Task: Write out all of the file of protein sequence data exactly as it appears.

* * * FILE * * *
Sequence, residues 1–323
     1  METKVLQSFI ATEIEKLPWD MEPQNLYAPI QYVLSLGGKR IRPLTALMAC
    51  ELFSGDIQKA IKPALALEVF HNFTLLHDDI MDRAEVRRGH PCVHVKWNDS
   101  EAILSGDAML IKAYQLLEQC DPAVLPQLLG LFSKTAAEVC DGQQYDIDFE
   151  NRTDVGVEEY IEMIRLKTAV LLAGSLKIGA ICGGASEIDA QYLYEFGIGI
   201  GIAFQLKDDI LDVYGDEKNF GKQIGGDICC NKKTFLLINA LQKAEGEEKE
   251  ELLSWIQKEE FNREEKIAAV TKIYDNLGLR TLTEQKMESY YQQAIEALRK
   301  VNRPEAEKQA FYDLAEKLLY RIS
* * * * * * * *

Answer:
Sequence, residues 1–323
     1  METKVLQSFI ATEIEKLPWD MEPQNLYAPI QYVLSLGGKR IRPLTALMAC
    51  ELFSGDIQKA IKPALALEVF HNFTLLHDDI MDRAEVRRGH PCVHVKWNDS
   101  EAILSGDAML IKAYQLLEQC DPAVLPQLLG LFSKTAAEVC DGQQYDIDFE
   151  NRTDVGVEEY IEMIRLKTAV LLAGSLKIGA ICGGASEIDA QYLYEFGIGI
   201  GIAFQLKDDI LDVYGDEKNF GKQIGGDICC NKKTFLLINA LQKAEGEEKE
   251  ELLSWIQKEE FNREEKIAAV TKIYDNLGLR TLTEQKMESY YQQAIEALRK
   301  VNRPEAEKQA FYDLAEKLLY RIS